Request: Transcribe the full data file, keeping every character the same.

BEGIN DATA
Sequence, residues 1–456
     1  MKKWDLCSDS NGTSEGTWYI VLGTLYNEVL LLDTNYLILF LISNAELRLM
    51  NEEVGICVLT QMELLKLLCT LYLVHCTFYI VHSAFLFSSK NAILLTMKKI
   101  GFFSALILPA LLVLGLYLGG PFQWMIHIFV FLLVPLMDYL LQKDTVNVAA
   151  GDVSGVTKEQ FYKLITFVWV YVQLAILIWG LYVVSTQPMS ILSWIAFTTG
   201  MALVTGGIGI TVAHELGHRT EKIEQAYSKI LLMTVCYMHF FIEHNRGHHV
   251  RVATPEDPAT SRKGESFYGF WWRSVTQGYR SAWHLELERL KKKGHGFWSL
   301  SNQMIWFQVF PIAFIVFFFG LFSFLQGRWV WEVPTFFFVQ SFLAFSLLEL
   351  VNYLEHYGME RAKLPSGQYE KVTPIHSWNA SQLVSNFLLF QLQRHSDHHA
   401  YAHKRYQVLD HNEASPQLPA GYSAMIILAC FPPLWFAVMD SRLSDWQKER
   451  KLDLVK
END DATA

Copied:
Sequence, residues 1–456
     1  MKKWDLCSDS NGTSEGTWYI VLGTLYNEVL LLDTNYLILF LISNAELRLM
    51  NEEVGICVLT QMELLKLLCT LYLVHCTFYI VHSAFLFSSK NAILLTMKKI
   101  GFFSALILPA LLVLGLYLGG PFQWMIHIFV FLLVPLMDYL LQKDTVNVAA
   151  GDVSGVTKEQ FYKLITFVWV YVQLAILIWG LYVVSTQPMS ILSWIAFTTG
   201  MALVTGGIGI TVAHELGHRT EKIEQAYSKI LLMTVCYMHF FIEHNRGHHV
   251  RVATPEDPAT SRKGESFYGF WWRSVTQGYR SAWHLELERL KKKGHGFWSL
   301  SNQMIWFQVF PIAFIVFFFG LFSFLQGRWV WEVPTFFFVQ SFLAFSLLEL
   351  VNYLEHYGME RAKLPSGQYE KVTPIHSWNA SQLVSNFLLF QLQRHSDHHA
   401  YAHKRYQVLD HNEASPQLPA GYSAMIILAC FPPLWFAVMD SRLSDWQKER
   451  KLDLVK